Would you believe it? Its raining again! The last typhoon that I mentioned put the fear of God into me. On that treacherous walk back home, my umbrella was promptly ripped to shreds by the wind so I ran my by then drenched self to the nearest shop and bought the biggest umbrella I could find as well as a rain poncho. I definitely learnt my lesson. I keep everything in my backpack in plastic bags so should I ever get stuck in the rain again, at least my electronics will survive. I really hope that it doesn't happen again but I think I'm safe between the plastic bags, poncho and heavy duty umbrella. I am such a sissy when it comes to the weather. I'll be the first to admit that. I guess living in Durban has completely spoiled me. I'm way too used to sunshine and warm days. Although the irony is that since I left the weather in Durban has been a little crazy!

It's only October so early Autumn here and a lot of the foreigners are already feeling the cold. I've swapped my jersey for a thicker coat these days. I regret not packing a gown but weight was an issue for me. I sure could use one now for those chilly mornings. I have since also invested in a proper coat; the multi-layered type that can get me through the snowy winter. Luckily for me it was going on sale so I saved quite a bit. I also bought a Spirithood type thing but instead of an animal, it has a 'Nightmare Before Christmas' theme. I love it. I'm going to be running around freaking out the adjumas (old ladies) in winter. Lol.

I even bought some incredibly woolly thick socks. I also got some amazing sheets and a lovely warm comforter from The Arrival Store (TAS). They really do offer amazing service. If you are coming over, be sure to check the site out at As you can gather, I'm rather terrified of the cold so I'm slowly making my preparations (kind of like a squirrel with nuts except in my case it's clothing). I am terrified of heaters (long story) so I'm going for layering to keep me warm instead. I am however looking forward to winter for two reasons. The first is snowboarding/skiing. Its one of those things on my mental bucket list. The second and far more important reason is that I have applied for leave. If it is granted then I will get to visit my sister in Doha. I miss her and my beautiful nieces so much. I'm so sad that I can't go home for Christmas. This will actually be my first Christmas away from home but at least my sister and her family will be visiting South Africa so the only one who will be having a lonely Christmas is me. I'm sure I can figure out something to do with my friends to lift my spirits. In the mean time however, we have been having lots of fun.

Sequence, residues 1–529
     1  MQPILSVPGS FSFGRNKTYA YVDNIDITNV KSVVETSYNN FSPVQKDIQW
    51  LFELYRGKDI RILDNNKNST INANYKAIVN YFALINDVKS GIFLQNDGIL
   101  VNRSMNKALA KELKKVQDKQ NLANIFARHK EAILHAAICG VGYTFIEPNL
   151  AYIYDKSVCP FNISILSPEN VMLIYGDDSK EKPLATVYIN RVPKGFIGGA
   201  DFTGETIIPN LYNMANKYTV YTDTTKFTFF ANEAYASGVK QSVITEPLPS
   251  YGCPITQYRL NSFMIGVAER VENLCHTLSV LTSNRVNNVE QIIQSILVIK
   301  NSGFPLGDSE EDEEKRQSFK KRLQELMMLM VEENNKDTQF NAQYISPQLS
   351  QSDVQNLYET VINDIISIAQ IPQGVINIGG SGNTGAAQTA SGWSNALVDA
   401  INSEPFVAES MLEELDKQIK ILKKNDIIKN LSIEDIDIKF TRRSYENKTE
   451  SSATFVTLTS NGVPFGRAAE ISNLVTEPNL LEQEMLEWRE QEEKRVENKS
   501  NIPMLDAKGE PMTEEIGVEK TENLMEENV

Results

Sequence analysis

In the previous post I mentioned going to Seoul for the Zombie Walk. It was absolute fun! I had such a good time and made new friends. It was amazing what a good job we did with budget make-up and a bit of fake blood. I even made a grown woman cry. It wasn't my proudest moment but at least it proves that I would make an excellent zombie. Hehehe... it will be quite a while before Hongdae recovers from the day the zombies took over.

The next day was also awesome fun but in a more touristy way as opposed to the previous day's craziness. We went to Gyeongbokgung Palace in Seoul. My word... it took my breathe away. It was so intriguing to learn about South Korean history and to walk through the palace grounds. I saw and experienced so much, from the changing of the guards to the folk museum. It is something I would advise any South Korean tourist to do. It wasn't expensive either and it was such an amazing experience. Be prepared to walk though. The grounds are huge! (PS. There are birds in South Korea. I finally saw some!)